Jah Shaka, the most influ­en­tial fig­ure of UK music passed away on the morn­ing of Wed­nes­day 12th April 2023. The news was offi­cially announced that even­ing. An insti­tu­tion since his emer­gence in the 1970s, Face­book was flooded with trib­utes. Whilst his birth name is known, the cur­rent vogue is to keep it a secret in vein of a deity whose name mustn’t be revealed.

I first heard of Jah Shaka on online music for­ums when I was explor­ing the world of Dub in the late 2000s, users would ref­er­ence to the phe­nom­ena of Shaka Dances and Shaka plates as places to go to for the real sound of Dub. It was actu­ally the Roots genre that Shaka’s sound sys­tem was syn­onym­ous with, a  spir­itu­al and fiercely polit­ic­al genre that I as an imma­ture Digit­al dance­hall fan, ignored for long time because its name had con­nota­tions with folk music (How wrong I was!).

In Janu­ary 2018, I atten­ded the Sound­sys­tem Out­erna­tion­al con­fer­ence on Dub at Gold­smiths Uni­ver­sity. It was there I heard the name Jah Shaka along­side the name of Deleuze and the concept of “Uncon­scious of thought” dur­ing a present­a­tion by Dr Edward George (Flow Motion, Hal­lu­cin­at­or) in a ses­sion titled Poet­ics of Dub. Dr George’s thes­is was that with Shaka we are “Listen­ing to someone listen­ing.” I was hooked and wanted to know more about this figure.

Jah Shaka was born in 1948 in Clar­en­don, Jamaica and arrived in the UK as part of the Windrush gen­er­a­tion some­time in the 50s. His story is also the story of UK immig­ra­tion. He star­ted as an oper­at­or in the Fred­die Cloud­burst sound sys­tem which spe­cial­ised in Soul and then star­ted his own Jah Shaka Sound­sys­tem at some point in the 1970s.

“Going to a Shaka dance!” was a right of pas­sage for many gen­er­a­tions. I have been told by older heads that I missed out on the legendary early dances which were strictly alco­hol free and fea­tured live instru­ments  and vocal­ists. Clips from legendary dances at Rock­et abound on You­tube, a test­a­ment to obsess­ive nature of col­lect­ing and doc­u­ment­ing with­in the Shaka fan com­munity, traits which have helped in identi­fy­ing obscure dub­plates and not­ing those which still remain unidentified.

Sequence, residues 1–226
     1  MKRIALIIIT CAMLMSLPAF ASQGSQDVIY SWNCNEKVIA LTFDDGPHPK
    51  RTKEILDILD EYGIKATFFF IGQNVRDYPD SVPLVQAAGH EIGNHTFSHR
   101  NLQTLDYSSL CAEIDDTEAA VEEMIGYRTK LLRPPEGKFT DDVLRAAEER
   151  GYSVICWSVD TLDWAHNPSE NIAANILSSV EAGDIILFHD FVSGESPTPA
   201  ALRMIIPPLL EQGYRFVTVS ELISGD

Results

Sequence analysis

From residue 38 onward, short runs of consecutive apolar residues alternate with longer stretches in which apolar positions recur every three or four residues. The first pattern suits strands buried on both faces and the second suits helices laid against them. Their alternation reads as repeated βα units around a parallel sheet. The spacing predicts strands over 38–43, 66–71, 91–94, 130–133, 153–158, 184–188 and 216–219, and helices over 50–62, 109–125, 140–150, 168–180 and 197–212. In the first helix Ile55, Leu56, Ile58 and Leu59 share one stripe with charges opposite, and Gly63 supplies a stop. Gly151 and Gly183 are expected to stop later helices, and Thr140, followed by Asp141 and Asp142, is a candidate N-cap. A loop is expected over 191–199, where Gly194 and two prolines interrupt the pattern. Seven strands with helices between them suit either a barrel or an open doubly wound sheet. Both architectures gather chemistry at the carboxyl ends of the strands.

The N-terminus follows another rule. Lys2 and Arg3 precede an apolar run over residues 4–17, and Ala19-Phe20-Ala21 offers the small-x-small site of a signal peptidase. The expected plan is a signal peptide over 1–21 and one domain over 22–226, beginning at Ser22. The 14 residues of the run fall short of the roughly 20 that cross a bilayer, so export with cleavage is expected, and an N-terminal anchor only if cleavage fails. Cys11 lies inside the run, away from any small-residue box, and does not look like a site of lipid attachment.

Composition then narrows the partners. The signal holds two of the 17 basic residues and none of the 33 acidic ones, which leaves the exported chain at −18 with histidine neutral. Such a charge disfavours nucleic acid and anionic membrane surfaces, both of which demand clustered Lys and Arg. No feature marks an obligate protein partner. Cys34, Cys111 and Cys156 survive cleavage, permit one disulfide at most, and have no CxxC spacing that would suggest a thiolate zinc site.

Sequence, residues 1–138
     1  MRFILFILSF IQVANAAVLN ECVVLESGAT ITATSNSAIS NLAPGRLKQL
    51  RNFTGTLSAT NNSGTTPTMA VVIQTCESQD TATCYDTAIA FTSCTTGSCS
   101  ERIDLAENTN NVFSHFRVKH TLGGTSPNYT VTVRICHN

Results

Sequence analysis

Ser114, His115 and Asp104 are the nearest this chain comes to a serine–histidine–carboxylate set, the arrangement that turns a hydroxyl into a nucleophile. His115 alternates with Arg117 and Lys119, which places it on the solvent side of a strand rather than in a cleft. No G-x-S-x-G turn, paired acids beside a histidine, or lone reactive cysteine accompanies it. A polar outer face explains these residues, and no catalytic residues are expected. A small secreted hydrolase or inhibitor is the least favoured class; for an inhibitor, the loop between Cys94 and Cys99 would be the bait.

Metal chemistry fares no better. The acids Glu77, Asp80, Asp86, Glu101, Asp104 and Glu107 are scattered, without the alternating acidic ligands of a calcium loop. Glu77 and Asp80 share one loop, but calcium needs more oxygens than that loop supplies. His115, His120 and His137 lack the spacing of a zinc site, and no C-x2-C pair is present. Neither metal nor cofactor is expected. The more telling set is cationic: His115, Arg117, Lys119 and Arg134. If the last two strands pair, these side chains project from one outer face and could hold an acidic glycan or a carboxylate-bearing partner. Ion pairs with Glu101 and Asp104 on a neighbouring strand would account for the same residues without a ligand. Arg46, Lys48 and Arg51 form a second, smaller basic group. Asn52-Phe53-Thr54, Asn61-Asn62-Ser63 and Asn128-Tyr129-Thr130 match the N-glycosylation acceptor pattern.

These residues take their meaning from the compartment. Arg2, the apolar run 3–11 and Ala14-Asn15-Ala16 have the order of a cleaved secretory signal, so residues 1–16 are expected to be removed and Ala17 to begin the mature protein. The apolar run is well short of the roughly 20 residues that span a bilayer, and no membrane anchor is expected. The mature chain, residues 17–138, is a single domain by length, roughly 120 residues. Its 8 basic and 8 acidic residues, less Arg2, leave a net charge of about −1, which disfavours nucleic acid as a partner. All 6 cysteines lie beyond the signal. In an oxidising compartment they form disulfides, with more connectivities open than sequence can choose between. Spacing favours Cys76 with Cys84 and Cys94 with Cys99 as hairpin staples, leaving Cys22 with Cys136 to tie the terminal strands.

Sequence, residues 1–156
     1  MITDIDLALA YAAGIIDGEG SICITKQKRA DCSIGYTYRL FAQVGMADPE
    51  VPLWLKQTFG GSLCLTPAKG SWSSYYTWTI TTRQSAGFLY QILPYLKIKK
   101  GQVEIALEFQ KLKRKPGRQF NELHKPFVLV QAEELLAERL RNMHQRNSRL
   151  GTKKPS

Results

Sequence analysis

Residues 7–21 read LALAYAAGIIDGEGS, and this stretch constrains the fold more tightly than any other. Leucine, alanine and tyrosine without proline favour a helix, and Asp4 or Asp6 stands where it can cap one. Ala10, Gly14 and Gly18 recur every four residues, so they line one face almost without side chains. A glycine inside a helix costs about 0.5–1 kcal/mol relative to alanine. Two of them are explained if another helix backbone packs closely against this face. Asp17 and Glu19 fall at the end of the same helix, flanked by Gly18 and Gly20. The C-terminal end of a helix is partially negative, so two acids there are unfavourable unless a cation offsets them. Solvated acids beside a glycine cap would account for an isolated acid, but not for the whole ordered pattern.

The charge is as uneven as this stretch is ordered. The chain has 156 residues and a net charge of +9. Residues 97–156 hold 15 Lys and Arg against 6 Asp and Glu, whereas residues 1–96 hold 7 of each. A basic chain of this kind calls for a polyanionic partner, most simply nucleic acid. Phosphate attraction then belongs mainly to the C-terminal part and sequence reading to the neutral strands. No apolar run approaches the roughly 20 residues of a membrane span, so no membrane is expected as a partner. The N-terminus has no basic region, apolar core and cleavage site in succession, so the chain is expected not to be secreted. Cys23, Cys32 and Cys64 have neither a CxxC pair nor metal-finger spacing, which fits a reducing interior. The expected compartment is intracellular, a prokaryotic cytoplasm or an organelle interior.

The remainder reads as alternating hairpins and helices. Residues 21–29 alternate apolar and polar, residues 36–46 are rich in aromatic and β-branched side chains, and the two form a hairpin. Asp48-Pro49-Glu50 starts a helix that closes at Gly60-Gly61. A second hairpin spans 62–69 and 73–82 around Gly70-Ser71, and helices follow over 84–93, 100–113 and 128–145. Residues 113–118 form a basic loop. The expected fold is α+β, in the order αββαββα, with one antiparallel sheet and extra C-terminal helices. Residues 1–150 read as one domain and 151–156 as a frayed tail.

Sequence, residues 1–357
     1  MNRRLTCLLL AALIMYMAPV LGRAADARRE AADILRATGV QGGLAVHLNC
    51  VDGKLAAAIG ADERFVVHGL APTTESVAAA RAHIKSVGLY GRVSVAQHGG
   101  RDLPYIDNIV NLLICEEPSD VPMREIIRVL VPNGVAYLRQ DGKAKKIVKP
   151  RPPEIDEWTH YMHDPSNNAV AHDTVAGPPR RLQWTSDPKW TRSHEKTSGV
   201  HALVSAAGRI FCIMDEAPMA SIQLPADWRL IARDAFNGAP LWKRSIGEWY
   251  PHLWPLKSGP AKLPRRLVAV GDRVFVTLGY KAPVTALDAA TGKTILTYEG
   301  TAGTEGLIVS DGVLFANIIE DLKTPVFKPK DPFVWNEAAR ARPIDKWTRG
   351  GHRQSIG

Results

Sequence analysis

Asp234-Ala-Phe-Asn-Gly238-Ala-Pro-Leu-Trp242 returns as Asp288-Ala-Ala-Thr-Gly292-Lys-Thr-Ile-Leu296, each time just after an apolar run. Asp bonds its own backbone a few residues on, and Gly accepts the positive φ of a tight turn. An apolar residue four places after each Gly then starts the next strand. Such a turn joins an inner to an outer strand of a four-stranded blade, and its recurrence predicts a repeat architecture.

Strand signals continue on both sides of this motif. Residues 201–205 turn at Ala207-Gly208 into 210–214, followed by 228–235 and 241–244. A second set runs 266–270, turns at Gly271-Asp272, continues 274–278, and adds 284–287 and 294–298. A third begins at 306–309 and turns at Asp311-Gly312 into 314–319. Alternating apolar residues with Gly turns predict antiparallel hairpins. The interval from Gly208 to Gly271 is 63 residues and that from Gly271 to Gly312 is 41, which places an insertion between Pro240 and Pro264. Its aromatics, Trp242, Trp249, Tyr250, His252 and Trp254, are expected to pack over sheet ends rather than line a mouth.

Shaka would return to Jamaica and work with Jamaic­an artists. The album Fat­man vs Shaka (1980) fea­tured live dub­bing from both artists and was engin­eered by Prince Jammy, an inter­est­ing syn­thes­is of artists involved in Dub, Roots and Digit­al Dance­hall (Albeit later) respect­ively. The band being dubbed fea­tured luminar­ies such as Mikey Dread and Johnny Osbourne.

Com­mand­ments of Dub (1982) fea­tured Mad Pro­fess­or and is dub exper­i­ment­a­tion in its purest form. A photo of Shaka, Lee Perry (RIP) and Mad Pro­fess­or is cur­rently doing the rounds on social media.

It would be impossible to give album by album review of Shaka’s career but both the Com­mand­ments of Dub and Dub Salute series of albums would give a great over­view of his work but noth­ing com­pares to being at a Shaka dance itself.

Shaka was an influ­en­tial pres­ence that appeared in many of my own SOAS Radio inter­views with musi­cians. Below is a list of some of the artists I inter­viewed and the Shaka tracks they selec­ted, these provided a great edu­ca­tion to me as a music fan who wanted to learn more.

Thali Lotus (Unre­leased) – Hor­ace Andy — Little Black Girl

Ved­ic roots – Max Romeo — Fari the Cap­tain of the Ship

Roots shed – Johnny Clarke —  Babylon

Kiki Slaw­ter (Unre­leased) – Tony Tuff — Prophecy

Mor­pho­lo­gies (George and Piva) – A whole pro­gramme on Shaka entitled Uplift­ment, fea­tur­ing many tracks and inter­view clips.

An in-depth Red­bull Music Academy inter­view with Shaka is avail­able online and is a great place to learn about Shaka’s back­story and philosphy, it is also cur­rently doing the rounds again on social media. Jah Shaka also foun­ded the Jah Shaka Found­a­tion which does char­ity work in Ghana.